General policy-compliance trainings often involve those policies that apply broadly—on issues related to employment (like fair hiring laws), safety and security (such as fire drills and IT security); privacy (Family Education Rights and Privacy Act), professional ethics (avoiding conflicts of interest), and others. There are unique trainings for faculty, related to intellectual property (copyright, patenting, and others), human subjects research (and research involving animals, hazardous substances, and other policies), export controls, and others. There are unique trainings required by professional organizations in particular domains.

In general, policy-compliance training may be understood as occurring periodically (twice-yearly, annually, biannually, tri-annually, etc.), with refreshers offered in between trainings (to head off awareness and skills decay), and with special trainings offered just-in-time at a point-of-need. Policy-compliance trainings are about raising learner awareness about particular policies and the steps they need to take in order to be legal and compliant as part of their professional roles. For example, export controls and information technology (IT) security for travel may both be more critical just prior to a trip abroad. A human subjects research training (complemented by the work of institutional review boards) may be especially relevant prior to the submittal of a grant proposal. [The on-campus regulatory office for IRB compliance has as its mandate the provision of comprehensive training for new members. This capability is seen as a crucial aspect of the office’s mandate (Reeser, Austin, Jaros, Mukesh, & McCarty, 2008, p. 28.] It is also not uncommon to have remediation trainings be assigned in the aftermath of unfortunate incidents.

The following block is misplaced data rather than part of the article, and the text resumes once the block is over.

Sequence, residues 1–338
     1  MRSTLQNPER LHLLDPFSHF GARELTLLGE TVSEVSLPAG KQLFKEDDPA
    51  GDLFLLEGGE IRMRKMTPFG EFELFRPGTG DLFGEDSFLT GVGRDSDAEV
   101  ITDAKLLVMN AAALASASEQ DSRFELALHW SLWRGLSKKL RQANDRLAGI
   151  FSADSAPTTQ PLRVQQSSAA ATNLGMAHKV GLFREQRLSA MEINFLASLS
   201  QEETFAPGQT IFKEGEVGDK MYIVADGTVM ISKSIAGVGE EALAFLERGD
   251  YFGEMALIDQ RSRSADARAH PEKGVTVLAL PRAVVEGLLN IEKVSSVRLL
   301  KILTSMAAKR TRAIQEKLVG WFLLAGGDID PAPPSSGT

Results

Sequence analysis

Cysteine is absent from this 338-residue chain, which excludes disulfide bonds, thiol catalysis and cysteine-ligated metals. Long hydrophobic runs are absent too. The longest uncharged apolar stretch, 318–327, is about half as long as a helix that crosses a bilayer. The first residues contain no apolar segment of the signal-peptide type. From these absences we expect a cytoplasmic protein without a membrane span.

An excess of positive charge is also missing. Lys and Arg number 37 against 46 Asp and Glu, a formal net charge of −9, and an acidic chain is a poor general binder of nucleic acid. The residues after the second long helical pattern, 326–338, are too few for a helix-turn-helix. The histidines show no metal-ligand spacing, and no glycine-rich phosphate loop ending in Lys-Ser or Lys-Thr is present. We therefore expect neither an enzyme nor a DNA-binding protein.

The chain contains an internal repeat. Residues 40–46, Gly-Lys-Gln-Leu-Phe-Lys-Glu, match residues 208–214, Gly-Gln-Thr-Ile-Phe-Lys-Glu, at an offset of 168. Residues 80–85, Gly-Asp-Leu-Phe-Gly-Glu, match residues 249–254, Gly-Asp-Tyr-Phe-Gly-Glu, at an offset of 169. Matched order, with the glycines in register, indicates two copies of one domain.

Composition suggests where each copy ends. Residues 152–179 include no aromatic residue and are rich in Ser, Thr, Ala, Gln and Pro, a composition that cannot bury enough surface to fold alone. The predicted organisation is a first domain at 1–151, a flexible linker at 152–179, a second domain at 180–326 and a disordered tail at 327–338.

For an organization that has to ensure that its members meet the requirements of a thicket of regulations, they have to offer end-to-end policy rollouts—with clear and strategic communications, effective trainings, effective refreshers, and plenty of supports for its staff throughout the year. Such support may involve consultation with policy regulators on campus, workplace processes for the resolution of questions and dilemmas, and Web-based resources.